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Winter Veggie Soup (with Beef)

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posted on Nov, 15 2015 @ 12:41 PM
Okay, this is a modified recipe I grew up with.

It's one we sort of wing because my mom never wrote it down. You just kind of chuck it all into the pot. One of those.

You need a large pot. We use a large copper bottomed stock pot.

First you are making your stock/broth.

We picked up a beef neck bone and about 2 lbs of beef stew meat from the butcher yesterday. This morning I marinated these in diced garlic, Italian seasoning, salt & pepper, 8 oz merlot and some olive oil for about an hour and half to 2 hours.

We added the beef to the pot with roughly chopped mirepoix (carrots, celery, onion) and covered the whole with water to a depth of two or three inches. We also added a couple tbsp. of beef base. We are simmering the whole for about three hours low and slow to create a nice soup base and cook the beef down to tender.

Then we're going to strain the base, put the meat in a container, remove as much meat off the neck bones as we can, and puree the remaining vegetable matter to add back to the base and use a thickener. We will moderate how much we add back in. Eyeball it.

Then we'll put back in the meat with a chopped assortment of vegetables. It's traditional with this soup to always add tomatoes. We will add a can of crushed where my parents compromised and added whole (my dad doesn't like tomatoes so he could avoid the whole ones; my husband doesn't like them either, but he likes the way the crushed flavor through). It is also tradition to add about half a head of chopped cabbage. And we will also put in cut up potatoes, turnips, carrots, parsnips, leeks (my son wanted these because of Cloudy with a Chance of Meatballs). Basically, throw in more or less whatever combo of veggies floats your boat.

We will also add some pearl barley as another thickener. You could likely use a small pasta like orzo instead.

I almost forgot ... Cook the vegetables and barley or pasts until the vegetables are for tender and the barley is done and serve.

This soup keeps well for leftovers all week, and it was one of my favorite growing up memories. Whenever mom and dad put on the big soup pot and got out the crackers, fruit and cheese, it meant we were going to have a midwinter game day with cards, board games and general family good times.
edit on 15-11-2015 by ketsuko because: (no reason given)

edit on 15-11-2015 by ketsuko because: (no reason given)

posted on Nov, 15 2015 @ 12:59 PM
I make a big pot and freeze it in small containers. Also, there are wonderful wild winter herbs everywhere, so I usually pack several in a cheese cloth bag and simmer with the soup and pull them out before serving. They are antibiotics and full of vitamins and mineral. As always make sure you properly identify what your eating.

posted on Nov, 15 2015 @ 01:16 PM
Yum. But for a difference and to make gluten free I suggest adding buckwheat goats or whatever the whole version of the seed is called instead of barley. Buckwheat goats are so yummy and full of protein. But hey I should stop pushing gluten free. Sounds delicious. I love a good soup. Keep warm over winter while I enjoy my summer,although it is raining today.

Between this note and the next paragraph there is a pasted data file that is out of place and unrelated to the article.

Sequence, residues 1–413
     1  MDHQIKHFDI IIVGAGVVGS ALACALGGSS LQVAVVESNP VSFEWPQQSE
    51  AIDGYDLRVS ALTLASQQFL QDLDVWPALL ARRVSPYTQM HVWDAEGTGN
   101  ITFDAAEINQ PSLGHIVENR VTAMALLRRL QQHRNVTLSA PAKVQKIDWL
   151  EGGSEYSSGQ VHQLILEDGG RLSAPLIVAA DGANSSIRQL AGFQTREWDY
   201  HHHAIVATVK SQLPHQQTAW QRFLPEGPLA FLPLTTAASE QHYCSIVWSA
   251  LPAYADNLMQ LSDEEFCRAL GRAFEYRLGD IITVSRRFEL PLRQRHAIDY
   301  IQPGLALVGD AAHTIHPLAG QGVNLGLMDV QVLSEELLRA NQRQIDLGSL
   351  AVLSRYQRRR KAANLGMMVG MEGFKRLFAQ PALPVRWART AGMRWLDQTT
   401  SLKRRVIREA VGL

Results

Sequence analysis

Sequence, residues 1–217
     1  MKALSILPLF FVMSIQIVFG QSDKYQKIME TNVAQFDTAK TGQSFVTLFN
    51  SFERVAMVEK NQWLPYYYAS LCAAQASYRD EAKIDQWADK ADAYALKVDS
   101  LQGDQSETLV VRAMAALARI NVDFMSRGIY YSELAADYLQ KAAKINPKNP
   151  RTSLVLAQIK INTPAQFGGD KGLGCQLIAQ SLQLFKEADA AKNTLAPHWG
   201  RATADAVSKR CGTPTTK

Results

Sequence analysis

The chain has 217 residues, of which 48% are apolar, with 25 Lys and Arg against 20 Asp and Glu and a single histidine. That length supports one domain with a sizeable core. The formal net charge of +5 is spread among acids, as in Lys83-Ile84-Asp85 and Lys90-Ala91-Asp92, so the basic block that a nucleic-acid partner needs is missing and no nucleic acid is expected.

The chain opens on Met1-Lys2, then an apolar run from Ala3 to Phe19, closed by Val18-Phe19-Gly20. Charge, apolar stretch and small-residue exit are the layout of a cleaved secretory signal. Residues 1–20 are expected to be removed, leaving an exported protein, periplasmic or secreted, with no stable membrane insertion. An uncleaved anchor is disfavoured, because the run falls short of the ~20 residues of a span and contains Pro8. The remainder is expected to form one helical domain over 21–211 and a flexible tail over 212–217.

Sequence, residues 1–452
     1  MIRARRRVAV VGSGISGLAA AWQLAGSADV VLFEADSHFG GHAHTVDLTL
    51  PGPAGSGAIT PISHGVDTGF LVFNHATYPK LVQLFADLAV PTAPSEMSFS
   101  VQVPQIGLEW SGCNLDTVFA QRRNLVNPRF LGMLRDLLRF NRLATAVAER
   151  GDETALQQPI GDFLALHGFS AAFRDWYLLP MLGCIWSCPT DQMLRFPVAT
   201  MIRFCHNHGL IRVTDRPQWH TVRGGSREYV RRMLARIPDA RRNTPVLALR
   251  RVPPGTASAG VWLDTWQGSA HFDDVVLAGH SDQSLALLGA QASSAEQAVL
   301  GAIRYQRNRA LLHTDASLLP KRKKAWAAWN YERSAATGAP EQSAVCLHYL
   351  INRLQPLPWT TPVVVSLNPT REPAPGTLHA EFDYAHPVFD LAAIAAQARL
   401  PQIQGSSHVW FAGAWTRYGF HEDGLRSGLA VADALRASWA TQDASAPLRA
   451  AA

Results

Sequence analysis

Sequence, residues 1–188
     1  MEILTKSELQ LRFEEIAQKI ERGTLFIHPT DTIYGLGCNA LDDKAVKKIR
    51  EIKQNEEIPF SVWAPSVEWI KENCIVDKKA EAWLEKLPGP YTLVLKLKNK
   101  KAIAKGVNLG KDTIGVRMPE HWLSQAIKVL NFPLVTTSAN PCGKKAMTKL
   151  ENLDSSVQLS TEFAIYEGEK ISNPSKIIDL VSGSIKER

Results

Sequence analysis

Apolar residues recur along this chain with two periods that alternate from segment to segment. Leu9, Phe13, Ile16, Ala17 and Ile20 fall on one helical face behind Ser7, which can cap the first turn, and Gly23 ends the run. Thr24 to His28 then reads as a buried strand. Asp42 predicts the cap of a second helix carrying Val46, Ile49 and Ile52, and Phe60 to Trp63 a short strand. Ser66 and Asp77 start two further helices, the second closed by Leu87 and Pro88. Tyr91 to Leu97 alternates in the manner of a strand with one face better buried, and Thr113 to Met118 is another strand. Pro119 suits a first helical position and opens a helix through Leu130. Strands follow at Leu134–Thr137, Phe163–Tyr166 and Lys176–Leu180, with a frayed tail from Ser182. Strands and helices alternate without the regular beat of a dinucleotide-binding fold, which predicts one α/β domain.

posted on Nov, 15 2015 @ 01:49 PM
a reply to: Cloudbuster

Technically, you can make it all veggie too. Just make the stock all vegetable, use veggie base instead of beef base.

It's a pretty forgiving soup.

You can even go with either lamb or goat instead of beef.

posted on Nov, 15 2015 @ 01:51 PM
How fortuitous. I was just searching for a recipe like this. Ive been sick and craving some home style soup. Will give this a try and report back with my findings

posted on Nov, 15 2015 @ 02:01 PM
Reminds me a bit of my mom's veggie soup. We love tomatoes so she used a large can of tomato juice in the mix.

Cabbage was always in there as well as potatoes, celery, onion, carrots and beef.

God I miss here and her cooking, I never learned to make her soup and now that I'm really craving it, I'm regretting that.

posted on Nov, 15 2015 @ 03:39 PM
sounds more like a stew than a soup. It does sound good though. There is a lot of flavor in neck bones, much more than in other cuts of meat like sirloin stew meat. My wife likes the stew meat cut up but I would rather keep the sirloin steaks and make soups or stews from soup bones. Short ribs make pretty good stew also but neckbones are more tasty. Oxtail has it's own taste but it makes some kickin soups too. Sort of like the same taste as the neckbones but a little creamier.

posted on Nov, 15 2015 @ 06:09 PM
I will try this for dinner tonight! It's storming like crazy here so this will go down a treat I'm sure!

posted on Nov, 15 2015 @ 06:25 PM
Yeah it's raining cats and dogs even my fish are drowning. Maybe a make some soup too. Might have to be chicken instead of beef. a reply to: virbjek

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